We should all be working from home for good
- With the rise of the Delta variant, businesses should go remote.
- All from a distance is better for workplace collaboration, the environment and business bottom lines.
- Companies that go remote must be intentional when it comes to collaboration and technology.
- Jeff Chow is SVP Product at InVision.
- This is an opinion column. The thoughts expressed are those of the author.
It’s time to get back to the office for good – the home office.
With CDC’s recommendation that even fully vaccinated people wear masks indoors in areas of “substantial” and “high” transmission of COVID-19, employees across industries are wondering what the new future looks like work. As the possibility of another shelter-in-place order looms, companies are deciding whether the move to a hybrid situation – simultaneously in person and remotely – is worth it.
It’s not. Simply put, the concept of âforever remoteâ makes sense to many businesses and industries. For many, the American “back to work” isn’t just a light switch, but many organizations would be better off turning off the lights in the traditional office. The move to remote everything will expand a company’s talent pool and increase employee happiness and retention, while limiting a lease and reducing its carbon footprint.
There are advantages to becoming a fully remote organization. A good example is that the talent pool is now becoming national, even international. Organizations are no longer limited to recruiting employees of a given department in their offices. Asynchronous working allows employees to work across multiple time zones to complete projects and deliverables on time.
InVision, where I work, has been completely remote since its inception. We have the luxury of hiring people living in the United States and in 25 countries.
Plus, without the need for a large physical office, businesses can save hundreds of thousands of dollars, or even more, by renting office space or building a large campus.
It is also proven that eliminating an office so that all employees can work remotely is better for the environment. Eliminating a daily commute, whether driving a vehicle or taking public transport, helps reduce emissions. This was initially noticed in the spring and summer of 2020, when a drop in transport due to the COVID-19 pandemic resulted in a 6.4% decrease in global carbon emissions, which equates to 2.3 billion tons. The United States recorded the largest drop in carbon emissions at 12%, followed by the European Union as a whole at 11%.
In a June 2021 McKinsey survey of more than 1,600 employed people, researchers found that about one in three workers in an office said returning to work in person negatively impacted their mental health. Respondents also said “COVID-19 security and flexible working arrangements could help alleviate stress” associated with returning to the office. Not everyone who works for the same company gets along. In an entirely remote environment, it’s much easier for those who disagree to just avoid each other. HR won’t have to spend as much time mediating between (or ending) the Hatfields and McCoys offices.
So how exactly can you quickly pivot back to the remote and hold onto it? The key is intentionality. Teach managers to make a point of celebrating wins and good work on group calls. Build an encouraging collaboration in key performance indicators (KPIs) of managers. Take advantage of face-to-face opportunities by hosting face-to-face meetings, all the hands of the business as a time to grow the culture, not a time to just do more work.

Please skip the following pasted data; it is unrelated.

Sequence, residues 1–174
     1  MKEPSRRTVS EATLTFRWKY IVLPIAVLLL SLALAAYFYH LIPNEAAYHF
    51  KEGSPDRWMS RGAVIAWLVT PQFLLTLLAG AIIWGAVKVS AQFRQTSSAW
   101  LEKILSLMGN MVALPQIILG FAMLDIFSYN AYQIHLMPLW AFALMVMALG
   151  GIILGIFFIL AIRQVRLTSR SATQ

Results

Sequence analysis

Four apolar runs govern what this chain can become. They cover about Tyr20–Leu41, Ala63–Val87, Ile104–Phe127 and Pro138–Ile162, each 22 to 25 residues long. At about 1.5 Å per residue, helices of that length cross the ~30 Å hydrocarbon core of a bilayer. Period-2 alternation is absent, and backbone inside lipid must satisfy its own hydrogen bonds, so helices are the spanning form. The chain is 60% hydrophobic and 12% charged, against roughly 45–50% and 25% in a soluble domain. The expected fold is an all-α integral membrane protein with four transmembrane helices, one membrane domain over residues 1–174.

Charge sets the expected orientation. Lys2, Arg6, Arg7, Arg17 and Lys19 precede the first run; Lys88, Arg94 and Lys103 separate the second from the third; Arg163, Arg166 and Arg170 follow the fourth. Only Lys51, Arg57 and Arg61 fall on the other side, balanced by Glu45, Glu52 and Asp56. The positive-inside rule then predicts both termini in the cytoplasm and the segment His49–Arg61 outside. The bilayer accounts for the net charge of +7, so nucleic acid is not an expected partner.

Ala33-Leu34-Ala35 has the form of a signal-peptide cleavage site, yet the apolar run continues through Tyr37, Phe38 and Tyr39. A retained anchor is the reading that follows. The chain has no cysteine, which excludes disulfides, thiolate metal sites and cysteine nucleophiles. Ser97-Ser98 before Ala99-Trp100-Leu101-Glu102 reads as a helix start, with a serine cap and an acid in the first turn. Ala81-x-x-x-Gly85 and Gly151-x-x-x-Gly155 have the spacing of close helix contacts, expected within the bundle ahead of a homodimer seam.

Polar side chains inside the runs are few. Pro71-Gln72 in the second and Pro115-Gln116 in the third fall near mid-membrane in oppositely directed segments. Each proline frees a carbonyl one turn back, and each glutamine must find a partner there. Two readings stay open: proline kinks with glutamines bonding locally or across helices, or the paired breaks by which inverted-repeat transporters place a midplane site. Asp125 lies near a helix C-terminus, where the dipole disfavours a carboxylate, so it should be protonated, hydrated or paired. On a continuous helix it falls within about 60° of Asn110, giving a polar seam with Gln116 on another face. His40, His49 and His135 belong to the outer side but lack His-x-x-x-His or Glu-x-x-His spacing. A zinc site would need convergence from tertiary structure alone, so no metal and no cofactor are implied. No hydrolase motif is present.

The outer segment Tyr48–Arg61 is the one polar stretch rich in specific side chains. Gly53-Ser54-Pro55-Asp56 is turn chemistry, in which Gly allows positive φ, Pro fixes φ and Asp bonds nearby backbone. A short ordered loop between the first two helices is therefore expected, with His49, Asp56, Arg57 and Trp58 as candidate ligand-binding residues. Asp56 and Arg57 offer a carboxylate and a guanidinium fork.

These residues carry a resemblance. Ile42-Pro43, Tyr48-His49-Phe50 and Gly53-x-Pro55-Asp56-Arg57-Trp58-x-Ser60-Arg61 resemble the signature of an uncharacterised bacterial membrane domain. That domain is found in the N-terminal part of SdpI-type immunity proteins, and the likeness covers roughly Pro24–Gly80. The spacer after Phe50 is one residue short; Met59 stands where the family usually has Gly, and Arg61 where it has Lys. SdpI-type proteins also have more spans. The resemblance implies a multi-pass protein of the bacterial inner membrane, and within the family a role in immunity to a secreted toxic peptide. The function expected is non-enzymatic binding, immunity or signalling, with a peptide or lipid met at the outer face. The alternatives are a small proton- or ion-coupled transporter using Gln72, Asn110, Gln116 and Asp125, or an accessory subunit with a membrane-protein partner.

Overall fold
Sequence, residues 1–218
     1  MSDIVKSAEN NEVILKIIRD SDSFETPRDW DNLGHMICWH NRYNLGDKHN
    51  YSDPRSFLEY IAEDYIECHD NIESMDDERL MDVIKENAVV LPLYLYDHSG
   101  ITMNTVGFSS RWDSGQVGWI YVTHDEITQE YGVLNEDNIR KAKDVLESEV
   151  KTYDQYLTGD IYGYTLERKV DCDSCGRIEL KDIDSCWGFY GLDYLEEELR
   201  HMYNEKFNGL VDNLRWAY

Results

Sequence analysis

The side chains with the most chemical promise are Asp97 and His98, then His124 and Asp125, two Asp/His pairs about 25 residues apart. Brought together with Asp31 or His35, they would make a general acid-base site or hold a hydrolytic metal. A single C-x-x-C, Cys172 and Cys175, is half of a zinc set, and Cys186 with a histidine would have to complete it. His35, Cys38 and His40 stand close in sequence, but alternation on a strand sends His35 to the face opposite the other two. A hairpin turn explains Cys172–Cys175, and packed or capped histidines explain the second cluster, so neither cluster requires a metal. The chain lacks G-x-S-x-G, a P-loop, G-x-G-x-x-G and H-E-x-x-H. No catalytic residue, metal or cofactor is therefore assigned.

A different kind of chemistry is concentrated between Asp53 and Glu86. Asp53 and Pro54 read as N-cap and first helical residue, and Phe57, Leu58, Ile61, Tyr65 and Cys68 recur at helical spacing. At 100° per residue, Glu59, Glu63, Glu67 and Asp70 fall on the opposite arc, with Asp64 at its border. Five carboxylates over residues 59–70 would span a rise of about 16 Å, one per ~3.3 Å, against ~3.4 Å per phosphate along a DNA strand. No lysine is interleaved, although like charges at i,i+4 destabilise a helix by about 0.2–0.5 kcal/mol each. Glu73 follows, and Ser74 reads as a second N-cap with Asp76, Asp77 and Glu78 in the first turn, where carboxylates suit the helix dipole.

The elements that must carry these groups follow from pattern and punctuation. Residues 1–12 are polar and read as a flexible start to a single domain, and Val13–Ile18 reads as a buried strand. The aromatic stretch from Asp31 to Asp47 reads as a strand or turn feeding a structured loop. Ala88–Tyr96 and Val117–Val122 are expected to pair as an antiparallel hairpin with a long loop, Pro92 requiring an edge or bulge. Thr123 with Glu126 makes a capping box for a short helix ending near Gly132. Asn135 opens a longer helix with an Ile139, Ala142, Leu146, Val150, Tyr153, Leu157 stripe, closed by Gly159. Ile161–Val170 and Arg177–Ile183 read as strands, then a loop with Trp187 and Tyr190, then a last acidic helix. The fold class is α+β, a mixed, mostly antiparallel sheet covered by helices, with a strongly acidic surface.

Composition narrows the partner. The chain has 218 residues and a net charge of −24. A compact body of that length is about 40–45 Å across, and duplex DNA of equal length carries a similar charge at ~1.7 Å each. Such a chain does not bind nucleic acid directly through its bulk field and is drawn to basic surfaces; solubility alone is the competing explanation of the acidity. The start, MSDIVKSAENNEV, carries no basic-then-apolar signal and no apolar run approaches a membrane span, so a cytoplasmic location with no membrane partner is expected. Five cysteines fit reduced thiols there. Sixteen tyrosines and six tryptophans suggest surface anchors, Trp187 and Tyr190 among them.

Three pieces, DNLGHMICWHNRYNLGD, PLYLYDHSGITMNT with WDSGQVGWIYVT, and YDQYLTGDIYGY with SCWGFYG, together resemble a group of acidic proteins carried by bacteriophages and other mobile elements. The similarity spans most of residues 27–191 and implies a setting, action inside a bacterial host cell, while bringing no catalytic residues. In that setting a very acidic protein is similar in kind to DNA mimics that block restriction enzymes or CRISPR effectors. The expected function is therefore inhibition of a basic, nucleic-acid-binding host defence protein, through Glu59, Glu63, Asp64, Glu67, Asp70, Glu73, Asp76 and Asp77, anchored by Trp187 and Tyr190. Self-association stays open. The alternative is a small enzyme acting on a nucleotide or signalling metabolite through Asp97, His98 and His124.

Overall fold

Offer the task forces dinner (use some of the money you saved on your lease!) And let them get to know each other as people. To be intentional, invest in new ways of working that are often better ways of working: reducing necessary meetings and adapting more feedback sessions to asynchronous collaboration. Meetings that remain on the calendars should be booked in order to be very engaging and energizing times for teams to reflect and do generative sessions.
Second, the technology. At the moment we all know the tastes of
, and Microsoft Teams, but there are other products that can actively improve collaboration (full disclosure: I work for InVision, which makes one of these digital collaboration tools, namely Freehand).
Take a look at your IT team (and talk to your employees) to see what they need on a daily basis. What tools does your accounting team need? Are they different from what the marketing team needs (spoiler alert: they do). And don’t force everyone to use the same tools. If your accounting team loves Microsoft Excel, that’s great for them. I can guarantee, however, that your product design team will not use it.
Finally, invest in your employees’ ability to transition (again).
GreenGen, which provides green energy solutions for businesses and infrastructure projects, had one of the most pioneering ideas. âWe asked our employees to do a two-day work-from-home resilience test. This was to make sure everyone’s home Wi-Fi was adequate so that all of our documents and documents were easily accessible online and we could resolve any potential issues. problems preventively, âsaid Bradford H. Dockser, CEO and co-founder of GreenGen. âMaking sure our team members have screens, mice and keyboards at home made the transition easier. With that kind of intentional stress test, GreenGen didn’t skip a beat.
Above all, the main key to getting back to the home office for good lies in communication. Technology and innovative products have helped bring colleagues together virtually as people work from anywhere and anytime. Initial shelter-in-place orders taught many companies across industries that remote working can be just as effective, if not more, than the traditional office model. Businesses should make the call to go all remote at all times. Their employees, their investors and the environment will all thank you.